Slayer Dragon Garb
The traditional Slayer Dragon Regalia, most commonly reffered to simply as garb, evolved during the Golden Age of the Slayer Dragons, between A.Y. 1302-1998 in the Golden Age, and changed little through the Ages that followed.
The garb is a sort of uniform, though tailored and altered until unique to each Slayer Dragon, and consists of a combination of cloth, armor plates, chainmail, and even dragon skin. Some may also include animal furs and even bones, depending on the style and tastes of the wearer. Upon completion of the Trials, each Slayer Dragon choses two colors for their regalia.
Despite appearing highly ornate, the garb also serves as fully-functional battle armor. The garb is not ceremonial, but the day-to-day uniform of the Slayer Dragon.
The armor worn by the Slayer Dragons has remained consistent in appearance, but not in material. Early Slayer Dragons used potent magical materials such as Adamantium for their armor. Around the early Third Age Adamantium became too costly, and Slayer Dragons switched to alloys. By the end of the Third Age it was too rare all together.
Throughout the Fourth Age, the highest quality and most durable steel available was utilized. Constant efforts were made to develop new and stronger materials, until the begining of the Fifth Age when the first Titanium and Tungsten versions were produced. These were often mixed with silver to allow for enchantments. Much of this advancment was made possible by Pendragon Andrei Ransom, who wrote volumes on the construction of Slayer Dragon gear, from the standpoint of both a crafter and a Slayer Dragon.
While always forged of the finest materials by the most skilled master craftsmen the Alliance had, the final phase of any Slayer Dragon's armor was left to the enchanters. Runes of protection and strength are carefully etched into every piece, with specialized enchantments made to aid the wearer's specific style of combat.
Like the rest of the regalia, the chainmail is of the highest quality. Usually very small rings create lightweight mail suitable for everyday wear. Since the Third Age the trend has moved from functional chainmail to ornamental, though there are notable exceptions. In some cases, a second, heavier, more protective set of chainmail may be created but not worn as part of the regular outfit.
The dragon skin used is shed skin donated by the High Mountain Flight, which is then layered, woven, and sewn to give the appearance of tanned hide. This layering method produces a material stronger and more durable than tanned dragon hide, which is widely thought superior to shed skin.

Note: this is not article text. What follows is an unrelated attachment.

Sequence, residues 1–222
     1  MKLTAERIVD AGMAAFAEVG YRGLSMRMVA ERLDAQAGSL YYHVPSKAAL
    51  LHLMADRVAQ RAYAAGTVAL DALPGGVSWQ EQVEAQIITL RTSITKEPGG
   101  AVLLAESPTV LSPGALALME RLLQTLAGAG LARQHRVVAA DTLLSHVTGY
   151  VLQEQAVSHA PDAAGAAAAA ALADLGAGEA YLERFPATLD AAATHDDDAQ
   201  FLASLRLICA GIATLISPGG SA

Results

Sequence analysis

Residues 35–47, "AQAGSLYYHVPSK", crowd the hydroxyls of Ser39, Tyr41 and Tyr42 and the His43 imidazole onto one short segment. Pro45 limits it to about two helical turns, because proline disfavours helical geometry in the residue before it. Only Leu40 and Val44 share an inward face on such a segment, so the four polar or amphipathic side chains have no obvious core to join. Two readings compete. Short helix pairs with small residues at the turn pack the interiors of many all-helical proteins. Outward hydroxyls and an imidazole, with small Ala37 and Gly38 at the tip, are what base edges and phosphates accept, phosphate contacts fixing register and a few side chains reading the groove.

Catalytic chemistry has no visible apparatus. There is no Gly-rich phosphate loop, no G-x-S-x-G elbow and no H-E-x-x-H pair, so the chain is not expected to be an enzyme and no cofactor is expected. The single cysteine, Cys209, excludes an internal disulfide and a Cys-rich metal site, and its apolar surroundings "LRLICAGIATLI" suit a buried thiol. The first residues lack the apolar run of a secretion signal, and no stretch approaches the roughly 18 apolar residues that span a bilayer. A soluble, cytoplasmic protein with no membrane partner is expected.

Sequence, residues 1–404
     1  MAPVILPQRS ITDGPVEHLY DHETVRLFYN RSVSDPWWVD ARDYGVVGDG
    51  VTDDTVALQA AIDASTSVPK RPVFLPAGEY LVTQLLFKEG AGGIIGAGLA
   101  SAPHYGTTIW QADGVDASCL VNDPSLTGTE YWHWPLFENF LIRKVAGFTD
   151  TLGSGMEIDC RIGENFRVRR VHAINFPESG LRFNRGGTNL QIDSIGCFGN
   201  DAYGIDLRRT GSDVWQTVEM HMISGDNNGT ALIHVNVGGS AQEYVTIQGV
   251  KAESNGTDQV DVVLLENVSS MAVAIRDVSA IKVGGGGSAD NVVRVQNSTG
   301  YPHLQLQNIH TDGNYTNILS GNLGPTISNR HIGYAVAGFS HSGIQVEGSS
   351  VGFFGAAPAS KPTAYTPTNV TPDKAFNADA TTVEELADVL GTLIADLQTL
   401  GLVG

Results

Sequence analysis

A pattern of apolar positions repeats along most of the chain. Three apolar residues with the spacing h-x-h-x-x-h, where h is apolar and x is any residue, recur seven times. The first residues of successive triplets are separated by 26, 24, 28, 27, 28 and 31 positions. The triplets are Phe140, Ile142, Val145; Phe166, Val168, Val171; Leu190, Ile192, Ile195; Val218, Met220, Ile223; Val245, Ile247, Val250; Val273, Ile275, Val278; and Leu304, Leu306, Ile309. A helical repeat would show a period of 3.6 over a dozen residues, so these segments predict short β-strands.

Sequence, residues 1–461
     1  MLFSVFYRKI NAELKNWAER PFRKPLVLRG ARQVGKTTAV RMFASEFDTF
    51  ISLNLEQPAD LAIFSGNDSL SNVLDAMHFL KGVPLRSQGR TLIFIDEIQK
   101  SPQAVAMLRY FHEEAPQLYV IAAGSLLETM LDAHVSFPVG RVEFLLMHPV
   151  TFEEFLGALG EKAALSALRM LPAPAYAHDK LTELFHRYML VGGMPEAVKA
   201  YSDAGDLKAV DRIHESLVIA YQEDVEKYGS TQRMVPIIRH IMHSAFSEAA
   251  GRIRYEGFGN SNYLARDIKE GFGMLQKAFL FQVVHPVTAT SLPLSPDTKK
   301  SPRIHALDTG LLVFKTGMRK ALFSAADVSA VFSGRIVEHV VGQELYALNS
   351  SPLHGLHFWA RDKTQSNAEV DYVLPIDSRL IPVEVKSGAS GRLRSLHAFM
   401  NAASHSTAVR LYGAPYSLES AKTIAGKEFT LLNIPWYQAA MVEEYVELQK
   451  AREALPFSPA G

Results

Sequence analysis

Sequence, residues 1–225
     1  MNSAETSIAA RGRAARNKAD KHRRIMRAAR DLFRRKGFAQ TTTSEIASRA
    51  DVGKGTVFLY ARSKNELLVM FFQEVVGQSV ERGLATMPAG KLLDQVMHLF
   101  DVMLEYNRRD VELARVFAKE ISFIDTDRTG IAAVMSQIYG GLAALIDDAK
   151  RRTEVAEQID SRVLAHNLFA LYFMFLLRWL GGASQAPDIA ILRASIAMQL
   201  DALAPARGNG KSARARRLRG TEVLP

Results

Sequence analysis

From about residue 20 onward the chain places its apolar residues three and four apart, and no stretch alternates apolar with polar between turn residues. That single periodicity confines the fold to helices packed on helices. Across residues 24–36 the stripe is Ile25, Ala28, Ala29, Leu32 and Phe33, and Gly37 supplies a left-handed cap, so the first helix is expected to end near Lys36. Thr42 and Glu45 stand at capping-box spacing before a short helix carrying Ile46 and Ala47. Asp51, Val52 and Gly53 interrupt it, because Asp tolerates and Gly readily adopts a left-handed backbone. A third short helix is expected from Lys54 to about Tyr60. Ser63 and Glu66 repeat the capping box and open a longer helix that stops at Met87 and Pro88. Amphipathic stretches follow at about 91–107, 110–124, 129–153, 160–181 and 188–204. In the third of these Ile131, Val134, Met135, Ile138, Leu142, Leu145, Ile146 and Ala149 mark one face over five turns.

The layering technique practiced by the tailors at Arindell is a guarded secret, though it is unlikely anyone else can obtain much shed dragon skin.
Cloth, skins, leather, etc.
Ornamentation is an important part of the Slayer Dragon garb. While the style has remained constant through the ages, the tailors make an effort to give each Slayer Dragon a unique appearance. Thus, all sorts of materials are used beyond the protective elements of the armor to produce a very distinct set of garb.
Production and Lifecycle
Work on the regalia will typically begin as a Slayer Dragon approaches the final Trial. Because of the high level of detail and extensive workmanship, the full suit can sometimes take years to complete. By the date of anointment, a sort of prototype, usually made by costumers and serving little functional value, will be complete, with the real pieces added as they are completed.
Since a Slayer Dragon's job is pretty tough, the regalia is under constant maintenance by skilled artisans. The garb is always maintained and repaired, with worn pieces replaced, and so on, throughout the Slayer Dragon's life.
Further, replicas of the regalia are constantly made and updated. These are similar to the early costume prototype and only serve a ceremonial function. If the real armor is damaged, a Slayer Dragon might need a sort of backup to wear for public appearances.
Between B.G.A. 6 and the mid Fifth Age when Slayer Dragons were laid to rest in the Valley of Sleeping Dragons, they were always buried in full regalia. Their costume regalia might also be placed in the tomb along with other personal effects.
In the Fifth Age as the custom of ash pits was adopted, a few Slayer Dragons were burned in their regalia. This created a problem as the many metal parts of the suit simply did not burn. The entire concept of the ash pit ensured that the body was entirely consumed, bone and all, so leaving bits of metal for scavengers and looters was problematic. For a while, costume replicas comprised entirely of flammable materials were used; but by the 5550s Slayer Dragons were wrapped in simple linens like everyone else bound for the pits.
Some effort was put into recycling the garb; but because the elements were always custom-fitted, this was difficult, and no Slayer Dragon appreciated hand-me-down armor. A few pieces of metal were melted down and reforged, but the ornamentation often resulted in sub-standard casts.
Finally, in A.Y. 5607, Slayer Dragon Gregory the Grey, somewhat obsessed with his own image, ordered that his garb be preserved in a reliquary in Arindell. His costume pieces were donated to museums, but his own official garb were carefully preserved. This immediately became custom, and all Slayer Dragons that followed would have their gear preserved in a similar fashion.
Hunter Jusenkyou, anointed during the late Sixth Age was notorious for getting his garb completely destroyed in combat on an almost regular basis. The craftsmen couldn't keep up, and maintaining a set of costume garb became almost impossible. He often left on assignments without the garb, until the Age of the Dragon, when he settled down and stopped being so rough on his equipment.